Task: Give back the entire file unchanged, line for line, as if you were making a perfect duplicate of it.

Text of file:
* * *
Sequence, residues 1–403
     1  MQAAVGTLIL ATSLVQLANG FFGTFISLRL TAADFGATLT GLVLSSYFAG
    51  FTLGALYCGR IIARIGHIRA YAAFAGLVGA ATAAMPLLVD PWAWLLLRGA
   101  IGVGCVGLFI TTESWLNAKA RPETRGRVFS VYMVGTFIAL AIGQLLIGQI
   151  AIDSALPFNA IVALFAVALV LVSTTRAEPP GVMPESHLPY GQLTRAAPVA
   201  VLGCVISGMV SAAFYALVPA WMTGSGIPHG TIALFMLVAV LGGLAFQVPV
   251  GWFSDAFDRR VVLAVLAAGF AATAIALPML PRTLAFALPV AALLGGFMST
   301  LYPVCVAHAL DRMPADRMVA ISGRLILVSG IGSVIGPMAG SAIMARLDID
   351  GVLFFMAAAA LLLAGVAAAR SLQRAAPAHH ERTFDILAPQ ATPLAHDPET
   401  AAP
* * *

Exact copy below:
Sequence, residues 1–403
     1  MQAAVGTLIL ATSLVQLANG FFGTFISLRL TAADFGATLT GLVLSSYFAG
    51  FTLGALYCGR IIARIGHIRA YAAFAGLVGA ATAAMPLLVD PWAWLLLRGA
   101  IGVGCVGLFI TTESWLNAKA RPETRGRVFS VYMVGTFIAL AIGQLLIGQI
   151  AIDSALPFNA IVALFAVALV LVSTTRAEPP GVMPESHLPY GQLTRAAPVA
   201  VLGCVISGMV SAAFYALVPA WMTGSGIPHG TIALFMLVAV LGGLAFQVPV
   251  GWFSDAFDRR VVLAVLAAGF AATAIALPML PRTLAFALPV AALLGGFMST
   301  LYPVCVAHAL DRMPADRMVA ISGRLILVSG IGSVIGPMAG SAIMARLDID
   351  GVLFFMAAAA LLLAGVAAAR SLQRAAPAHH ERTFDILAPQ ATPLAHDPET
   401  AAP